P.E.I. theatre to put on fewer plays 'written by old dead white men' in favour of contemporary offerings
In future, half the plays put on each season will be contemporary
Watermark Theatre in North Rustico, P.E.I., this week announced a "new vision" that better reflects current society.
The theatre was conceived 13 years ago, first as The Montgomery Theatre under Duncan McIntosh, and then as The Watermark. Its mission was to produce classic and modern-classic plays by the likes of Tennessee Williams, Oscar Wilde, Neil Simon and George Bernard Shaw.
"Theatres across the country have taken this time during this pandemic, and in consideration of the Black Lives Matter movement, and really just evaluated why we do what we do," said artistic director Robert Tsonos, who spoke with Mainstreet P.E.I.'s Matt Rainnie.
"Almost all of the plays that we produce are written by old dead white men."
Tsonos notes the plays were beautifully written and are classics for a reason, and audience numbers at the theatre have been strong the last few years. That just wasn't good enough any more, he said.
"They're not inclusive of all Canadians, there's very little diversity involved, and so I really thought that it was time to open up our mandate to include more contemporary plays."
'Trying to find people from diverse communities'
The theatre usually produces two plays every summer, Tsonos said, and moving forward one play will be classic and one will be contemporary.
He said new plays are constantly being written and produced around the world, so he will be checking out what's being offered on Broadway in New York City as well as in Toronto and Montreal, and putting calls out to playwrights for new plays.
"The new immigrant stories are always interesting — stories that are as diverse as the playwrights that we have in this country," he said. "It's really their voices that I'm trying to amplify."
It feels fantastic, it feels liberating.— Robert Tsonos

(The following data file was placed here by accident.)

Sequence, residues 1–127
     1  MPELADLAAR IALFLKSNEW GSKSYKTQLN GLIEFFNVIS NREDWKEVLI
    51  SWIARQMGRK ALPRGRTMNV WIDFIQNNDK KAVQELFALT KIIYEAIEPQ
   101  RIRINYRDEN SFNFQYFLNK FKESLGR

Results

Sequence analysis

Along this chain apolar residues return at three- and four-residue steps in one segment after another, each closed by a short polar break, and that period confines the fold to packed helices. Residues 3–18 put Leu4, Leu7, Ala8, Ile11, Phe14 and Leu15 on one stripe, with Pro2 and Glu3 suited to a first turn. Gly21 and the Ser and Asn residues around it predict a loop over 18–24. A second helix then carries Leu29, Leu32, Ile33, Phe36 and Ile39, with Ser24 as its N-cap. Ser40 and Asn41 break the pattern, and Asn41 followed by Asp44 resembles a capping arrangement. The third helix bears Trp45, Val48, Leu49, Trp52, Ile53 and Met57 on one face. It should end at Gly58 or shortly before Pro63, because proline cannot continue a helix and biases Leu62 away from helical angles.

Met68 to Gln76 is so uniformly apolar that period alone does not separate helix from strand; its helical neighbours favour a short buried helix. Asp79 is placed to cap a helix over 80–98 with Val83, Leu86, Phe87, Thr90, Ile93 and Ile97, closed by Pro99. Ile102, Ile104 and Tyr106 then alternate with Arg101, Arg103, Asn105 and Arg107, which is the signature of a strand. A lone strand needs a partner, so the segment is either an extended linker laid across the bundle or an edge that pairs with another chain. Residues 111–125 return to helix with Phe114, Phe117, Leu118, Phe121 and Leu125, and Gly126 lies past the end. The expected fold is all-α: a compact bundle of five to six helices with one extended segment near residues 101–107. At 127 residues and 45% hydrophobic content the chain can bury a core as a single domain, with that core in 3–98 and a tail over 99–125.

Tsonos said the theatre wants to update not only its plays to be more diverse and inclusive, but also the organization itself, including the board of directors and hiring practices. That's already started with the recruitment of one BIPOC board member.
The theatre is also looking for a new administrator and "will be diligent about trying to find people from diverse communities," Tsonos said.
"It should permeate through our entire organization," he said.
The theatre is also making its public washrooms gender-neutral, he said.
"It just feels like the time is now to make those changes — and not to make small, incremental changes but to make big changes, because I feel like that is what we are being asked for and I feel like that is long overdue.
"It feels fantastic, it feels liberating."
How will audiences react to plays they might not have heard of before?
"There's a great reaction so far," to the news of the mandate change, he said.
He said the theatre has also been working on becoming more environmentally sustainable, adding insulation, changing out lights and adding a heat pump. It will also re-evaluate how it builds and disposes of sets, costumes and props.
As for 2021, "I'm very confident we're going to have a summer season," Tsonos said, but likely with limited audience numbers. They plan to announce in March the plays they will produce this summer.
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With files from Mainstreet P.E.I.